• Analgesic dose (0.1-0.3 mg/kg) - At these low doses, ketamine has minimal psycho-perceptual effects and works as a strong analgesic. Typically, these doses do not require monitoring.
        • Recreational dose (0.2-0.5 mg/kg) ketamine works as a great analgesic but also leads to distortions of perception. 
        • Dissociative dose (>0.7 mg/kg) ketamine - These doses keep them awake but unconscious. Typically this range of dose is used for PSA or intubation. 

        Sitiations where SDK can be used:
        Acute traumatic and non-traumatic pain
        Complex regional pain syndrome
        Functional abdominal pain
        Migraine headache
        Neuropathic and radicular pain
        Sickle cell crisis
        Chronic pain syndromes. 

        Note: SDK does not cause respiratory depression or increase in intra-cranial or intra-ocular pressure. 

        Side effects (directly related to speed of administration):
        Nausea/Vomiting, Dizziness, Lightheadedness, Feeling of unreality, dysphoria
        Emergence reactions - Not seen at low doses


        Indications
        • Acute pain: traumatic, non-traumatic, brief painful procedures, post-operative pain
        • Chronic: central pain (post stroke pain), phantom pain, neuropathic pain, cancer pain
        • Opioid-tolerant pain
        • Opioid-induced hyperalgesic states

        Contraindications
        • Allergy to ketamine
        • Age <2 months
        • History of schizophrenia


        Take Home
        SDK used alone or in combination with opioids is safe and effective for the treatment of acute pain in the ED and may result in opioid sparing. Its use has been associated with relatively high rates of minor and short lived adverse side effects that can be reduced by utilizing a short-infusion of ketamine via IV of 0.3 mg/kg over 15 min.


        References:
        1. Johansson P, Kongstad P, Johansson A. The effect of combined treatment with morphine sulphate and low-dose ketamine in a prehospital settingScand J Trauma Resusc Emerg Med. 2009 Nov 27;17:61.
        2. Galinski M, Dolveck F, et al. Management of severe acute pain in emergencysettings: ketamine reduces morphine consumption. Am J Emerg Med. 2007 May;25(4):385- 90
        3. Ahern TL, Herring AA, Anderson ES, Madia VA, et al. The first 500: initial experience with widespread use of low-dose ketamine for acute pain management in the ED. Am J Emerg Med. 2015 Feb;33(2):197-201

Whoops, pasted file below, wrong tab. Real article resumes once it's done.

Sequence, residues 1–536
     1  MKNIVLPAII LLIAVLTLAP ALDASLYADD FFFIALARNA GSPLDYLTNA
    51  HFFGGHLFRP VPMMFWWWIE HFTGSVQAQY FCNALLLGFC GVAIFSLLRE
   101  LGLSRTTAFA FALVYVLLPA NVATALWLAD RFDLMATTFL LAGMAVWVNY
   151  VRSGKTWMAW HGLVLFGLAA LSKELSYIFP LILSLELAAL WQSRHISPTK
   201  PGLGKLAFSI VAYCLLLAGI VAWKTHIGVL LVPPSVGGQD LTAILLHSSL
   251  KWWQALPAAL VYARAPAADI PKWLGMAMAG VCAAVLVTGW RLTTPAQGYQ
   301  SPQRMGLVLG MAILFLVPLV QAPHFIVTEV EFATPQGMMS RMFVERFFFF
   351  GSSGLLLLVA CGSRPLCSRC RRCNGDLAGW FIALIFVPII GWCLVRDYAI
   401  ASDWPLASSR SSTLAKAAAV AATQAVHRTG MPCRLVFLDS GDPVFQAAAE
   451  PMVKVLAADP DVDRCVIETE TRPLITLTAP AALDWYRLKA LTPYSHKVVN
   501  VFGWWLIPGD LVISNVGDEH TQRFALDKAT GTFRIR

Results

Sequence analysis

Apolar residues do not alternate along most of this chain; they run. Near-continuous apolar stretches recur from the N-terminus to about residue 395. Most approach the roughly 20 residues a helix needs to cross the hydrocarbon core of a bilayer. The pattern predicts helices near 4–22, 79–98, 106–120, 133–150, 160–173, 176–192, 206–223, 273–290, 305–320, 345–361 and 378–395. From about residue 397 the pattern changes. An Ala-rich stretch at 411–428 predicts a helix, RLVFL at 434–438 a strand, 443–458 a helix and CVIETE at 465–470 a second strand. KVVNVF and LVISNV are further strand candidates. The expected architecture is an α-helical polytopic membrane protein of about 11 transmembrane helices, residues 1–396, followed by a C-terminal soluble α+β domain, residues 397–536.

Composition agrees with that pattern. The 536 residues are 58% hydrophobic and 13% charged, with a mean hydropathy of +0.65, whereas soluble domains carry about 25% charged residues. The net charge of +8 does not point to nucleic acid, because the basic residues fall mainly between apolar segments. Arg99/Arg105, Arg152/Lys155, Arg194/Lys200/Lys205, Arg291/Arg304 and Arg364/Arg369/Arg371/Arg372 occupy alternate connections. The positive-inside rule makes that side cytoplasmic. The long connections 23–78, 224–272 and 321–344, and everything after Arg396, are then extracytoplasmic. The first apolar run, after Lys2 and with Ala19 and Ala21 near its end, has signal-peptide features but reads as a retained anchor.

4. Miller JP, Schauer SG, Ganem VJ, Bebarta VSLow-dose ketamine vs morphine for acute pain in the ED: a randomized controlled trial Am J Emerg Med. 2015 Mar;33(3):402-8
        5. Motov S, Rockoff B, Cohen V, Pushkar I, et al. Intravenous Subdissociative-Dose Ketamine Versus Morphine for Analgesia in the Emergency Department: A Randomized Controlled Trial. Ann Emerg Med. 2015 Mar;22(3):251-7
        6. Goltser A, Soleyman-Zomalan E, Kresch F, Motov S. Short (low-dose) ketamine infusion for managing acute pain in the ED: case-report series. Am J Emerg Med. 2015 Apr;33(4):601.e5-7.
        7. Ahern TL, Herring AA, Miller S, Frazee BW. Low-Dose Ketamine Infusion for Emergency Department Patients with Severe Pain. Pain Med. 2015 Jul;16(7):1402-9.
        8. Yeaman F, Meek R, Egerton-Warburton D, Rosengarten P, et al. Sub-dissociative-dose intranasal ketamine for moderate to severe pain in adult emergency department patients. Emerg Med Australas. 2014 Jun;26(3):237-42
        9. Motov S, Mai M, Pushkar I, Likourezos A, et al. A prospective randomized, double-dummy trial comparing IV push low dose ketamine to short infusion of low dose ketamine for treatment of pain in the ED. Am J Emerg Med. 2017 Aug;35(8):1095-1100. doi: 10.1016/j.ajem.2017.03.004. Epub 2017 Mar 3.


        Posted by:


                      
             Lakshay Chanana
             
             ST4 Trainee
             Royal Infirmary of Edinburgh
             Department of Emergency Medicine
             Edinburgh
             Scotland

             @EMDidactic